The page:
- Emily JacksonEmily JacksonProfessor of Law, London School of Economics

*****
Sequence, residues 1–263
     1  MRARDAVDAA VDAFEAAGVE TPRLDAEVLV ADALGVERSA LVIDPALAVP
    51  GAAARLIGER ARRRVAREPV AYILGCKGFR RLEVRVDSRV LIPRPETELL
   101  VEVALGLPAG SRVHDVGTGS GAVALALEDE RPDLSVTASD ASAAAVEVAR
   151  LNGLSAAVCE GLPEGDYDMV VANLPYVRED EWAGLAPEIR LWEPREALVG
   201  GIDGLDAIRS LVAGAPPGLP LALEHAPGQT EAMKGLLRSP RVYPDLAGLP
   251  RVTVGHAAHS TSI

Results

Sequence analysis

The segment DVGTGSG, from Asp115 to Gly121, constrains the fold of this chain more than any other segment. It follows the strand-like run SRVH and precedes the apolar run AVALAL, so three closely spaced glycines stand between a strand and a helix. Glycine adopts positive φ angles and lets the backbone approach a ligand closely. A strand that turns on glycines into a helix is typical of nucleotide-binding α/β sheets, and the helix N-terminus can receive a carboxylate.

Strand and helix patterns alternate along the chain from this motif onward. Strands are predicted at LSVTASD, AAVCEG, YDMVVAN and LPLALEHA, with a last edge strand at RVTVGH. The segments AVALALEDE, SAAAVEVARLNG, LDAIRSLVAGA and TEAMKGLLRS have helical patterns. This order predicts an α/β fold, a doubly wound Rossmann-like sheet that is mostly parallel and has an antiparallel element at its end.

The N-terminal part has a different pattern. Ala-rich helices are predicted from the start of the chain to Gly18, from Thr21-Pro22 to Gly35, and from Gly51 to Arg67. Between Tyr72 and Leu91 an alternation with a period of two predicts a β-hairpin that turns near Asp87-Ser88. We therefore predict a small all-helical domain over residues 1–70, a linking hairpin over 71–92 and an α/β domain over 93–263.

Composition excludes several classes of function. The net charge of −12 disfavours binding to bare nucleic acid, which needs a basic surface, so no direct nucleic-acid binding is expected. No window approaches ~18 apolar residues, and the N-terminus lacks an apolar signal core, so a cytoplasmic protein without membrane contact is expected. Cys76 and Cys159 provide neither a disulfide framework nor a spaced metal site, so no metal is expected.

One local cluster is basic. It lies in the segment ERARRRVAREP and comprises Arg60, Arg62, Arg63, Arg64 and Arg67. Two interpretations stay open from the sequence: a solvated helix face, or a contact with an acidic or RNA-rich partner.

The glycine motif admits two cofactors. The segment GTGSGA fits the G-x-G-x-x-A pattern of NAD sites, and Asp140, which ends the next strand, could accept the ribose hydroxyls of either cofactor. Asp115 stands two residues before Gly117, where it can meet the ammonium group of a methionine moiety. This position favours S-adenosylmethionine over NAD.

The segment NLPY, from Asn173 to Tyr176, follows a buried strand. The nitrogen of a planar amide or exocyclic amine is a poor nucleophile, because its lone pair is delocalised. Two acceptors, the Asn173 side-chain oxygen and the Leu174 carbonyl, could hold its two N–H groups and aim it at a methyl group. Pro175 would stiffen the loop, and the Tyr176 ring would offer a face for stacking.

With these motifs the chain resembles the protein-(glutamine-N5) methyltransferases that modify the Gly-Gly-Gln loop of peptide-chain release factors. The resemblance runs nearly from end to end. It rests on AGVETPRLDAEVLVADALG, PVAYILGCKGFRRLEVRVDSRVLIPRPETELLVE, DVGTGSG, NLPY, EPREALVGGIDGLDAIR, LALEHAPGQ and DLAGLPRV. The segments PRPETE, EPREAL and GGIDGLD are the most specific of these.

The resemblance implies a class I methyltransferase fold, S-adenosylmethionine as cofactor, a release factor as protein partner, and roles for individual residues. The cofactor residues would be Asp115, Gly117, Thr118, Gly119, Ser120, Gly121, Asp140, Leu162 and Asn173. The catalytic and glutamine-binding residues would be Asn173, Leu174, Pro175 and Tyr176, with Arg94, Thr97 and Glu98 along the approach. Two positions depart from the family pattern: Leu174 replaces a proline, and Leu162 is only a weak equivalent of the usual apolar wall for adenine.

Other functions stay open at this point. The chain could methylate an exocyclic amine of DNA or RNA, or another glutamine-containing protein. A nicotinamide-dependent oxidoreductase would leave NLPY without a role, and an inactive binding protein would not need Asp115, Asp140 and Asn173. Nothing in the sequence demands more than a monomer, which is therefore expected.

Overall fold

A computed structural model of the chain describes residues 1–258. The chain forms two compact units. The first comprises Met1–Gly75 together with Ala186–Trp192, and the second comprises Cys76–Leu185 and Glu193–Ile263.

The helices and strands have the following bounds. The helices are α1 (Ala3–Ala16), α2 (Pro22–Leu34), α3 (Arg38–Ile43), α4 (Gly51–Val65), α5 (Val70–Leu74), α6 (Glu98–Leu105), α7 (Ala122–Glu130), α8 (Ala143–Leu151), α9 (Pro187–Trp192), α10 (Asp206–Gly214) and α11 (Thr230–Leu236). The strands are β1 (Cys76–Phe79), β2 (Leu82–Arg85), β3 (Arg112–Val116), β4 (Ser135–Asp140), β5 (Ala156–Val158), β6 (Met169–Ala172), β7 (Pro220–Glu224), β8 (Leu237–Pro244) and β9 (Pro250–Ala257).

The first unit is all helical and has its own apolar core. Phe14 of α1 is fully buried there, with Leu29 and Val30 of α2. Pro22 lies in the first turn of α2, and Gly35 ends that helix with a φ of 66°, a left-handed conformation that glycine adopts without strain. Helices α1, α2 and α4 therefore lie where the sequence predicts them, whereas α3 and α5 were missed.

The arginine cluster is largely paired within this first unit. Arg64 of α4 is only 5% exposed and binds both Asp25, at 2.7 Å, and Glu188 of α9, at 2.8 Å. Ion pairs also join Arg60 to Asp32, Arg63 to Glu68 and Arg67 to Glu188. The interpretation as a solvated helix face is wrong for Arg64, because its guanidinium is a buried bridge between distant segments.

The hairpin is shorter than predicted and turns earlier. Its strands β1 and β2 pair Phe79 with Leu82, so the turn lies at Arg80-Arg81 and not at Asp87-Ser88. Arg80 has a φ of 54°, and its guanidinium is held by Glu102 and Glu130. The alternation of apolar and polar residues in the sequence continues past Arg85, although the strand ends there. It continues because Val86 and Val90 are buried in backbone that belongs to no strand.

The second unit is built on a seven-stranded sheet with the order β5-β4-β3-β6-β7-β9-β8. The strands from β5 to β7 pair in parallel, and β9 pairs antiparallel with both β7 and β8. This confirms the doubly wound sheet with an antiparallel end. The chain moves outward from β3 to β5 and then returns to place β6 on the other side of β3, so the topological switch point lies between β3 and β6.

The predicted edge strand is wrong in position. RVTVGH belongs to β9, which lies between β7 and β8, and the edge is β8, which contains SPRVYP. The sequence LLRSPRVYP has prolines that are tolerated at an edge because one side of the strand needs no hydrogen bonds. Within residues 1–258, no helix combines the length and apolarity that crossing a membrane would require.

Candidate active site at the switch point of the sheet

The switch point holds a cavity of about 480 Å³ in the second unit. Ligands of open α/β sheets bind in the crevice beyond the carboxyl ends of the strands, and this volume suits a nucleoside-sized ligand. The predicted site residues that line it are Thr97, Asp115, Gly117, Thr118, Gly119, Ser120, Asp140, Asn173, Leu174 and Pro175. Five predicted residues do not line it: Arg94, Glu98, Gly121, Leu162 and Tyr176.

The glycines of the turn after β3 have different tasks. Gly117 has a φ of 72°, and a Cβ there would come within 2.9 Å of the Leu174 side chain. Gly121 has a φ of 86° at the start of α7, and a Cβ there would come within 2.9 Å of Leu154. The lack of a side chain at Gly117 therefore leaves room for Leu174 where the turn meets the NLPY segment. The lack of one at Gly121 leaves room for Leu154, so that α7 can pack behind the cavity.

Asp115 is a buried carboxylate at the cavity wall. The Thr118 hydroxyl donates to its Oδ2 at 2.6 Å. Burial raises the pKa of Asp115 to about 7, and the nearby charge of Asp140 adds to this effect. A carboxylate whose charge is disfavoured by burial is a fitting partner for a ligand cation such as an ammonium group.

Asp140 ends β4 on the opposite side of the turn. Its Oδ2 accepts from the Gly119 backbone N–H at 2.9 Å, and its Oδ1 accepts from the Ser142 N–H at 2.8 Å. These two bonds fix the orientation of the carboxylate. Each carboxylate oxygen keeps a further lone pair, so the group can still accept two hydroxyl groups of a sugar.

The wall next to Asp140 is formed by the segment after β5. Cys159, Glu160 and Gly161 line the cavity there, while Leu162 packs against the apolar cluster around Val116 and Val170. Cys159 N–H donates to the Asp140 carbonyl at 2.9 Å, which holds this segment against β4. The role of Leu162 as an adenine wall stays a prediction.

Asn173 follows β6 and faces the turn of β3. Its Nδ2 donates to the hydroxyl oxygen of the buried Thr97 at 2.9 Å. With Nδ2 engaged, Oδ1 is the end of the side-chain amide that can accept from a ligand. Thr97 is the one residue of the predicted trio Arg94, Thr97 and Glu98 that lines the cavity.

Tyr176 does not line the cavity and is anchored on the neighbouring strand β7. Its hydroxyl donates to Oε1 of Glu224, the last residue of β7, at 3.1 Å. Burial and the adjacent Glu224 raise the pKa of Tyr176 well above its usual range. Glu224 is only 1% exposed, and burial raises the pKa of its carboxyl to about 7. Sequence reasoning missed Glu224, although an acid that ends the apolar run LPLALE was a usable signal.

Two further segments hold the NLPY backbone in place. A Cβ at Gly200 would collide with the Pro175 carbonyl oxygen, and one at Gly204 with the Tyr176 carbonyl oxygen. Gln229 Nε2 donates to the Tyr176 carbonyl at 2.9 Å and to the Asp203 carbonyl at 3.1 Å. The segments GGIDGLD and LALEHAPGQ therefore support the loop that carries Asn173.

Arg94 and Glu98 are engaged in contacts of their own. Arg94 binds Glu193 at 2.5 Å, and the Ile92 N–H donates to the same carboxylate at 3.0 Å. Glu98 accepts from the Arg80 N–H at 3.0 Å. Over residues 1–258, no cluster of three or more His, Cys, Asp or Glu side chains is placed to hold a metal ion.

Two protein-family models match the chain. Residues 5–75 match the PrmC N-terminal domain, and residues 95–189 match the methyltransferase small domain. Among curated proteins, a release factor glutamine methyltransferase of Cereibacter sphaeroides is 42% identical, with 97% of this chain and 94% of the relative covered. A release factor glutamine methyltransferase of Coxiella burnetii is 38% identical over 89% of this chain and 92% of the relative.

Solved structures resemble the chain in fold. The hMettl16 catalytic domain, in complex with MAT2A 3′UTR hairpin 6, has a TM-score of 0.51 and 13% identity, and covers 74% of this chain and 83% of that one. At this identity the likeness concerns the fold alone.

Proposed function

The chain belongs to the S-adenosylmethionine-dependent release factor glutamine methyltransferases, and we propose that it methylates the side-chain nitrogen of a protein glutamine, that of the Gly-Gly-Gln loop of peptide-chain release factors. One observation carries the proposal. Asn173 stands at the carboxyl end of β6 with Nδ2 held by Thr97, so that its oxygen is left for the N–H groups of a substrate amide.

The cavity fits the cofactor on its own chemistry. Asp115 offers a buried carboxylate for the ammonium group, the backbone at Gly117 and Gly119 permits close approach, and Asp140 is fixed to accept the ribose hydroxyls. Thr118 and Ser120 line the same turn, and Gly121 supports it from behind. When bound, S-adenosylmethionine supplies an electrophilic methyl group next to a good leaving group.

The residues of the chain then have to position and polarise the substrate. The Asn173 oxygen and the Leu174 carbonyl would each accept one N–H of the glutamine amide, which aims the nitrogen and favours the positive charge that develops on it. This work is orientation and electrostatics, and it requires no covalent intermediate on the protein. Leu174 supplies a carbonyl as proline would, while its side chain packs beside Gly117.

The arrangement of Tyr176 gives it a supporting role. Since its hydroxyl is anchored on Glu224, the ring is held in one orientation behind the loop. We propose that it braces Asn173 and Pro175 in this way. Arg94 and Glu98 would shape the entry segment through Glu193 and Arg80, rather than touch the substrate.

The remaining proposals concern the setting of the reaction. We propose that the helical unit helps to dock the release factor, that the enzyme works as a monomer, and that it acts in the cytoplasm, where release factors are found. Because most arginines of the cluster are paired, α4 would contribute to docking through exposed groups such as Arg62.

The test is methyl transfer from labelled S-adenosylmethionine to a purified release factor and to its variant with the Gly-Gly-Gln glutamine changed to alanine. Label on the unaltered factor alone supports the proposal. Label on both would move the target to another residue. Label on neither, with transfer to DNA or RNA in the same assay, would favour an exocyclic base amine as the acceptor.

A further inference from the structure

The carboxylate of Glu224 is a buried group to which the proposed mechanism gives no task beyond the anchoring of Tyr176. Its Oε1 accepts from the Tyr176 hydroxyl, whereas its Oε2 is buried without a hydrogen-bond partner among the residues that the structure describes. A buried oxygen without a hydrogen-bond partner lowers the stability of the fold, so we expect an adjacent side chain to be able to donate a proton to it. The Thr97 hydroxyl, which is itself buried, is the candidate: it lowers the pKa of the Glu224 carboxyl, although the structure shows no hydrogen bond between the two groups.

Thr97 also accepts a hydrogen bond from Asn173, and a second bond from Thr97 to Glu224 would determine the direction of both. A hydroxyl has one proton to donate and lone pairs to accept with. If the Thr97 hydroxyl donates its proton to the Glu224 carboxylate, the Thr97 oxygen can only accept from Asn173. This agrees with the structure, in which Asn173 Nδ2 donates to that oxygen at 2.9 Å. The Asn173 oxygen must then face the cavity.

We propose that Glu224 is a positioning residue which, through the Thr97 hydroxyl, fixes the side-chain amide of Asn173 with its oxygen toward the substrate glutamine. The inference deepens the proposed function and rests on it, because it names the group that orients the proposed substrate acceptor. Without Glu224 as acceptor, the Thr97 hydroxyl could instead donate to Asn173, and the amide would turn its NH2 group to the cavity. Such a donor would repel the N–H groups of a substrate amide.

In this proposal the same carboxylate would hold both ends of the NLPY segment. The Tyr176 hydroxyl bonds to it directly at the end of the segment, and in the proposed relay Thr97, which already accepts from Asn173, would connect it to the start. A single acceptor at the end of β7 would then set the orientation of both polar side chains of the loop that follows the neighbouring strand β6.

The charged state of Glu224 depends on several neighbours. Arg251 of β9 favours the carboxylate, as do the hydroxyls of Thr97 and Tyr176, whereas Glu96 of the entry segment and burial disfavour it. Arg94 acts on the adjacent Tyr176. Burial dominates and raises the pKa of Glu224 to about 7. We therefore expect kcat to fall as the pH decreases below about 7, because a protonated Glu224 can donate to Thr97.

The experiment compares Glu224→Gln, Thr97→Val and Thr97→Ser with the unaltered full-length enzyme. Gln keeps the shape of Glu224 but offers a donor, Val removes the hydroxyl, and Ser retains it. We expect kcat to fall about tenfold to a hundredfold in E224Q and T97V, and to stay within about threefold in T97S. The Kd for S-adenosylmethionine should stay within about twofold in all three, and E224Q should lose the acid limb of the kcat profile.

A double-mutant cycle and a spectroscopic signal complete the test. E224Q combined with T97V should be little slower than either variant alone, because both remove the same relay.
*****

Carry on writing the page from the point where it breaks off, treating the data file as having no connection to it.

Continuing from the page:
All books in this flagship series contain carefully selected substantial extracts from key cases, legislation, and academic debate; providing able students with a stand-alone resource. This chapter discusses children’s medical treatment. It looks at the limits of parental decision-making, and cases in which the courts have overruled parental wishes in order to protect the child’s best interests. Where parents cannot agree with each other about serious medical treatment, or where the treatment is especially controversial, decisions might also need to go before a court. Cases involving withdrawing or withholding life-prolonging treatment are also covered. In relation to mature minors, it discusses the concept of Gillick-competence and the difference that has arisen between the child’s right to consent to medical treatment and her much more limited right to refuse.